What is a clause?
A group of words which forms a part of a sentence and contains a subject and a predicate is called a clause.
- When she was walking on the bridge
- They met an accident
- Because he was ill
- How to swim
- Why they left him
Kinds of Clauses
1. Principal Clause
2. Subordinate Clause
A clause which makes complete sense independently and stands by itself is called a Principal Clause, Main clause or Independent Clause.
- I received a letter.
- You helped them because they were in trouble.
- We shall stay indoors if it rains.
- She did not come to school for she was ill.
- I don’t know why they left their luggage here.
A clause which does not make a complete sense independently or a clause which depends on principal or main clause for its meaning is known as subordinate or dependent clause.
- I was watching a movie when someone knocked at the door.
- They asked me where she was going.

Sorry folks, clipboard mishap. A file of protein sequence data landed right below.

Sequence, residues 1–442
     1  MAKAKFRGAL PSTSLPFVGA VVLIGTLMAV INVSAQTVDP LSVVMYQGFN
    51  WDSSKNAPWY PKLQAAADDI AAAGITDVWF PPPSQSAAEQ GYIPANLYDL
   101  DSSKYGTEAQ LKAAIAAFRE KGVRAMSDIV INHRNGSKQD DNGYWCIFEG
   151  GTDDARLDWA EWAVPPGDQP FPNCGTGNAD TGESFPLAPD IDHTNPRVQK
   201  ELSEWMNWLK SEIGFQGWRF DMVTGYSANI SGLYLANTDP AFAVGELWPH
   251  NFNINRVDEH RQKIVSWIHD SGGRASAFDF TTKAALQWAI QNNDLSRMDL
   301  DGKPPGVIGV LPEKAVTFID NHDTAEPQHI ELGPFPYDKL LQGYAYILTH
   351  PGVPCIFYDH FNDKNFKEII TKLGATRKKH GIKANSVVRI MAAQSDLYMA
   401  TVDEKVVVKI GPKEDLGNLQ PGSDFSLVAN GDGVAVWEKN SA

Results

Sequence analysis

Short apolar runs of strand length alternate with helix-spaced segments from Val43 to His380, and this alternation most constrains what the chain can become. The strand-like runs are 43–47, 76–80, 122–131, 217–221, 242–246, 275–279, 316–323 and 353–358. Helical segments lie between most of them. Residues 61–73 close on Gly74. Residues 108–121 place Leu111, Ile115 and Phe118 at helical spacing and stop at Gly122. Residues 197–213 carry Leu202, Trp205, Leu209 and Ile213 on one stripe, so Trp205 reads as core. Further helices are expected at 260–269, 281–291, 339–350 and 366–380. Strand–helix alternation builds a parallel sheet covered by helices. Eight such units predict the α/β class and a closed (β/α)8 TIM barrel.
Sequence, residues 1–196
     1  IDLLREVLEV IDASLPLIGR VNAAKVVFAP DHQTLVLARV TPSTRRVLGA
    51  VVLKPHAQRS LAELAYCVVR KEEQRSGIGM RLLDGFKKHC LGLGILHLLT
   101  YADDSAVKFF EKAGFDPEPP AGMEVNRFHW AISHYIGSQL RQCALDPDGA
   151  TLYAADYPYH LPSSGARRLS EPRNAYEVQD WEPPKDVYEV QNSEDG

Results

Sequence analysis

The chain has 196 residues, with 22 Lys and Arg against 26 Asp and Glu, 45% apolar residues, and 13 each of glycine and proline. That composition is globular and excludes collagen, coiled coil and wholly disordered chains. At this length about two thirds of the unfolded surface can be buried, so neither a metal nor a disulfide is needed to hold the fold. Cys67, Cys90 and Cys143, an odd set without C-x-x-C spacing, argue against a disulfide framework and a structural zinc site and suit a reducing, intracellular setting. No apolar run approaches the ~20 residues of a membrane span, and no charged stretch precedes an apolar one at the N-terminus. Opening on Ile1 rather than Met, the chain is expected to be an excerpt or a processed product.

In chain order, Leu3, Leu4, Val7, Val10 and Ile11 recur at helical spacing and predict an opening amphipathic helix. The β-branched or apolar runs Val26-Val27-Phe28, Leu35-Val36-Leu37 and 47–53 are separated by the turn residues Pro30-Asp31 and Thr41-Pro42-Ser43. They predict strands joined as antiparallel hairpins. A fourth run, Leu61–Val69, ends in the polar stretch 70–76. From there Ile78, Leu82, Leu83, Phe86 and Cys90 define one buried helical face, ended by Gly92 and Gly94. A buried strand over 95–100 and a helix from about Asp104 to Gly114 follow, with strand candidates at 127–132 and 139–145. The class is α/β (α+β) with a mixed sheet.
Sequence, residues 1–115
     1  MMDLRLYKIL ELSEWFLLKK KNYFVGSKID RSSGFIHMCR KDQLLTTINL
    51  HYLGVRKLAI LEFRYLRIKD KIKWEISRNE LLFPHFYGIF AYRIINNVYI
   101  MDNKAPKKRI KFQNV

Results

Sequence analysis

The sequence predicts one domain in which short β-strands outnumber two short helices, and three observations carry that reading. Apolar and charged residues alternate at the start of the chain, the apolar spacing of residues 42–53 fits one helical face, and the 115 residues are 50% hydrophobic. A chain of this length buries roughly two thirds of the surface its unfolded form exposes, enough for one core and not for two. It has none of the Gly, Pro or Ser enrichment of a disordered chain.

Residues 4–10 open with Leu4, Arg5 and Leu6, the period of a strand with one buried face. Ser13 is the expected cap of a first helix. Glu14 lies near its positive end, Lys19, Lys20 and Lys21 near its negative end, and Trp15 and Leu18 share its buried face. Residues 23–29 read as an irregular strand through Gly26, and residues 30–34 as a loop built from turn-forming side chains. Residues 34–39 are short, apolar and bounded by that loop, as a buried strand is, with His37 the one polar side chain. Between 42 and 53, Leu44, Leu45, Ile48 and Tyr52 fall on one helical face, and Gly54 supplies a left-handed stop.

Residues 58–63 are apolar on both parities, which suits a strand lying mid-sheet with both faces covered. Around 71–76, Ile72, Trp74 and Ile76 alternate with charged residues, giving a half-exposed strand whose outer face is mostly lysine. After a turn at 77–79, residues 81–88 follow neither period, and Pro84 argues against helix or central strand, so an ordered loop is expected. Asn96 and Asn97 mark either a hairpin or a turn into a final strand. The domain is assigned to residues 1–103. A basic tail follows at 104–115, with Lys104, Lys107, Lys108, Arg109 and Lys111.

- When I saw her, she was buying something from the stationery shop.
- Do you know how to mend shoes.
- Work hard lest you should fail.
Kinds of Subordinate Clauses:
- Noun Clause
- Adjective Clause
- Adverb Clause
1. Noun Clause
A clause that does the job of the noun is called a noun clause. A noun clause serves as a
a) Subject of a verb
- What I like in Ahmed is his simplicity.
- When they left our house I don’t know.
- Whatever mother cooks makes me happy.
b) Object of a verb
- I know that she was ill.
- They asked where I lived.
- I know when to submit the project.
c) Object of a preposition
- She did not pay attention to what I said.
- He is not satisfied with what he has,
- I have confidence in what I do.
d) In apposition to a noun or pronoun
- It is surprising that she hasn’t realized her abilities.
- We accept the theory that man is a social animal.
- We believe in the principle that men are equal.
e) The complement of a verb of incomplete prediction
- Her fair is that she will lose her job.
- The question is where to find the key of the treasure.
- Love is what you think of it.
2. Adjective Clause
A clause that functions as an adjective is called an Adjective Clause.
An Adjective Clause is introduced by a relative pronoun like who, which, that, whom, whose and relative adverbs like where, when and why.